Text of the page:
Red Sox’ Looming Decision on Jonathan Papelbon Could Alter Bullpen for Years to Come

Red Sox' Looming Decision on Jonathan Papelbon Could Alter Bullpen for Years to Come By midnight on Thursday, the Red Sox must tender contracts to all unsigned players currently under their control. Any player not tendered a contract becomes a free agent.

In other words, it's an important day in the rebuilding of the Red Sox bullpen.

For the past four seasons, Jonathan Papelbon and Hideki Okajima have been the most important relievers on the Boston staff. Both have been All-Stars, the lefty setup man and right-handed closer leading the Sox to three playoff spots and a World Series championship in that span.

Now, both may be nearing the end of their time in a Red Sox uniform.

There have already been reports that the Sox will not offer Okajima a contract. No surprise there. In 2010, opposing hitters put up a .314 batting average against him, and his ERA ballooned to 4.50 — more than a run higher than any of his other MLB seasons. He was replaced in the key eighth-inning role by Daniel Bard, and by the end of the season had been limited to mop-up duty.

It seemed, after three successful years, that big league hitters had figured out his deceptive windup and were able to time their swings against his once-baffling off-speed stuff.

Efforts to turn him into a lefty specialist failed as well. Left-handed hitters were .284 against him last season, Okajima walking 10 of them in a mere 88 at-bats.

Papelbon poses a tougher decision. For the past two seasons, there was never a thought of letting Papelbon go. He was one of the most dominant relievers in the game, a perennial All-Star entering the prime of his career.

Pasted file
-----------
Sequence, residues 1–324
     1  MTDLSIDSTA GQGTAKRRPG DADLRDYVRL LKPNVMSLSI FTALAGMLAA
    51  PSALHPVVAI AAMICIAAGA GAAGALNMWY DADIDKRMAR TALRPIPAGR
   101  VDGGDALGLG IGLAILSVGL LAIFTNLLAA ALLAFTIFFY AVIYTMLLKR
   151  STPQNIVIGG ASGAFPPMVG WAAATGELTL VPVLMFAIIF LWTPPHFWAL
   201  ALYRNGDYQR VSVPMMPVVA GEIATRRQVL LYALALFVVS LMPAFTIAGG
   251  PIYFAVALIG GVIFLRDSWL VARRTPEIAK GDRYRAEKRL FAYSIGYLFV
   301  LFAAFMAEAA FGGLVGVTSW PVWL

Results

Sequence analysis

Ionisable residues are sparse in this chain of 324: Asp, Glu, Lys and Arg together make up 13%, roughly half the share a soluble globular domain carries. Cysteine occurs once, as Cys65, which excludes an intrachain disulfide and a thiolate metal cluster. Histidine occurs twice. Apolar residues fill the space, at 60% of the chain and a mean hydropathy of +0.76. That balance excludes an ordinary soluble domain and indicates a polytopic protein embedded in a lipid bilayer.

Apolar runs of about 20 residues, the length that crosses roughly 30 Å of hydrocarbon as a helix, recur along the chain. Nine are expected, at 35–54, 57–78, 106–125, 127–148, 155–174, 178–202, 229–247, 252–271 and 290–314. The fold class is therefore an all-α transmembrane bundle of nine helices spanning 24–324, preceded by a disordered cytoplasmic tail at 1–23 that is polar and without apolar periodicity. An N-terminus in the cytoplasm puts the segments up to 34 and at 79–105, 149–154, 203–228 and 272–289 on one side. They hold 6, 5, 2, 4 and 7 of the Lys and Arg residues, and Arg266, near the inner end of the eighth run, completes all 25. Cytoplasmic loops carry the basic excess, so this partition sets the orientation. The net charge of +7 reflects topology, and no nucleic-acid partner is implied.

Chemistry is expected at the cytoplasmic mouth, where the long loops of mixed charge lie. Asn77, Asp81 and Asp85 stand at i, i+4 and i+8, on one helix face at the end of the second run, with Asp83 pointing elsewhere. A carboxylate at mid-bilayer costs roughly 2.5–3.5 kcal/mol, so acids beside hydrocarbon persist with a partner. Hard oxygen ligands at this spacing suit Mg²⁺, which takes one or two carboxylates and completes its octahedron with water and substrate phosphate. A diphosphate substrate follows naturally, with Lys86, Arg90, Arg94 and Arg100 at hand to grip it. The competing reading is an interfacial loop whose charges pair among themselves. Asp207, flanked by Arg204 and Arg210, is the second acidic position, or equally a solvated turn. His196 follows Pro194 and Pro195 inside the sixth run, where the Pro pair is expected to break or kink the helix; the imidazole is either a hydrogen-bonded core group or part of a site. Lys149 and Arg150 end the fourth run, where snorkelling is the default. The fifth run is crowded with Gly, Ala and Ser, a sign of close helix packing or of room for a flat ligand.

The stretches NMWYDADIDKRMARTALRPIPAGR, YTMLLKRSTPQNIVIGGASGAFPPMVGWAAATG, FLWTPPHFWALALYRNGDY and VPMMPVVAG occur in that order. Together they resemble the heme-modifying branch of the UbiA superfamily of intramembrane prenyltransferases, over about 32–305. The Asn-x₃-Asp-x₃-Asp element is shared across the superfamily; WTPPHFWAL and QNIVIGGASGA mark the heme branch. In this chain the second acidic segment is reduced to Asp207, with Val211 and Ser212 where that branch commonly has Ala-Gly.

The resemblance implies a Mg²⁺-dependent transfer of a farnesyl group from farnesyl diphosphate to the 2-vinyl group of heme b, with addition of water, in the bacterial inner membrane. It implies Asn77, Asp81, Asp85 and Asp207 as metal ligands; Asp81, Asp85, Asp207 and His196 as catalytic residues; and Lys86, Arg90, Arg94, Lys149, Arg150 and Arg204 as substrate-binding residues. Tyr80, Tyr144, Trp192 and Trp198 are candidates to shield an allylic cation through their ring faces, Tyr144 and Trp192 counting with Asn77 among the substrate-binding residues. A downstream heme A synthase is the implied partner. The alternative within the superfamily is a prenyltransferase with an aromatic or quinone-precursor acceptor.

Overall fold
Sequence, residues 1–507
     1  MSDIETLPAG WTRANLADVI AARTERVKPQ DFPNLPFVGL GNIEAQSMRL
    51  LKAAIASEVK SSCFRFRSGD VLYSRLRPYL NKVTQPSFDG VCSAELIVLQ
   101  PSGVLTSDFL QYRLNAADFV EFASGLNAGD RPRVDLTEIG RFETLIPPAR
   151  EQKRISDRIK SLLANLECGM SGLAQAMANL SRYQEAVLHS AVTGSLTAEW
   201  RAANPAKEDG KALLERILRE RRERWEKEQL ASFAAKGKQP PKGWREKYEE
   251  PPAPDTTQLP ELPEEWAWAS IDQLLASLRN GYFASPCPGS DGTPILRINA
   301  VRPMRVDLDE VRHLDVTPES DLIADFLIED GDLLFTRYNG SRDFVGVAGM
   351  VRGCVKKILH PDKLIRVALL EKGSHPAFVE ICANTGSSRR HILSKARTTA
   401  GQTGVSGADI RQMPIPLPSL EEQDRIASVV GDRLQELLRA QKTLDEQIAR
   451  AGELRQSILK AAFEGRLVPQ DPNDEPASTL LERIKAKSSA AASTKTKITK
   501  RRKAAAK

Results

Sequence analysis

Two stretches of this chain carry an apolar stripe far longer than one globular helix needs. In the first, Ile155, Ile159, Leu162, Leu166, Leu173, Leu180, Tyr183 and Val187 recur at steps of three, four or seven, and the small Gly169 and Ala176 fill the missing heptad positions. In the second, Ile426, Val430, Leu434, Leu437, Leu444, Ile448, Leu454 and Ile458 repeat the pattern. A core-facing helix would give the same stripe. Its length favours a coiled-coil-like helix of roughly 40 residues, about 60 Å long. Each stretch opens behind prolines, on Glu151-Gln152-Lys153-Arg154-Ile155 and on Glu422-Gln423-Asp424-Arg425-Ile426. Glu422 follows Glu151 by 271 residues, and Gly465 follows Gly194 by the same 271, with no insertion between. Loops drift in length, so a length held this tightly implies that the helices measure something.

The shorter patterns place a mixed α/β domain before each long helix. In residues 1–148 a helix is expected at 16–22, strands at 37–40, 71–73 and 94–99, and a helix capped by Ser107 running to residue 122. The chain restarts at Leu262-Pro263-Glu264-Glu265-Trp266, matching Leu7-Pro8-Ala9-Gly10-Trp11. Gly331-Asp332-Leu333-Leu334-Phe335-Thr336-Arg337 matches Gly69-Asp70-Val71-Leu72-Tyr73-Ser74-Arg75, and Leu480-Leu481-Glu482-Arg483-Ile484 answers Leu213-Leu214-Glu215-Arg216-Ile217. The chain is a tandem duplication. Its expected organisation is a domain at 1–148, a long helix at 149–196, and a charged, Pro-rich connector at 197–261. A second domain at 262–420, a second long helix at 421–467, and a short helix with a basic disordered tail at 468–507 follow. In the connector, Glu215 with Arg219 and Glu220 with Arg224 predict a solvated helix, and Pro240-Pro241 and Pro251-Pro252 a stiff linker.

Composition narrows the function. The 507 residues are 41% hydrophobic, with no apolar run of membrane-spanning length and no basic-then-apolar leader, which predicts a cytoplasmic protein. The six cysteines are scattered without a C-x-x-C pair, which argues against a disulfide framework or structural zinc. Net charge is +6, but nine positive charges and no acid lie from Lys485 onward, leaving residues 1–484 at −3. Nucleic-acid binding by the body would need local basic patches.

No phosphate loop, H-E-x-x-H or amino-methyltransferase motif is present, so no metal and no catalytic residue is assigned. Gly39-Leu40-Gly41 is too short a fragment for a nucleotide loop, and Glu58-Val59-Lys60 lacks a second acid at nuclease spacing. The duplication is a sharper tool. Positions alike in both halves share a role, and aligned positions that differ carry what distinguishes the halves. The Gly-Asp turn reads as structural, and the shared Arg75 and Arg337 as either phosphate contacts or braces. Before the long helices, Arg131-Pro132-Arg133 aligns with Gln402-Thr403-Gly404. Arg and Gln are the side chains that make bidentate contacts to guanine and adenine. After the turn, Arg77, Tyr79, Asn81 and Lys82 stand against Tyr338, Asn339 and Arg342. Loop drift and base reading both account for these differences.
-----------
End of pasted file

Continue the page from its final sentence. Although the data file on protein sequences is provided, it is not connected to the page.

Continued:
Not so in the final weeks of 2010. Papelbon is 30 years old, and he's coming off his worst season as a closer. He led the AL with eight blown saves and posted an ERA of 3.90 — a run and a half higher than any of his full seasons with Boston. He has saved 188 games for Boston, a club record, and became the first pitcher in MLB history with 35 or more saves in each of his first five full seasons.

Because of that, he will command more than $11 million in arbitration. Okajima would get some $3 million. Letting both of them go would free up some $14 million to rebuild a bullpen that was a disaster in 2010.

Rafael Soriano, Scott Downs and Grant Balfour are all available free agents. Two of them would look pretty good with Bard in the bullpen. With a little luck, newly acquired Andrew Miller and Taylor Buchholz could fit into that group as well.

Not tendering a contract to Okajima is an easy decision. Letting Papelbon walk off to another team is much more risky. There's no doubt he's got very good stuff. For the right price, he would be a coup for any team.

But $11.5 million (or so) is not the right price. For a team trying to retool its roster without hitting $200 million in payroll, finding a little financial breathing room is the first step toward reconstruction. Theo Epstein could find some of that breathing room before the clock strikes midnight.

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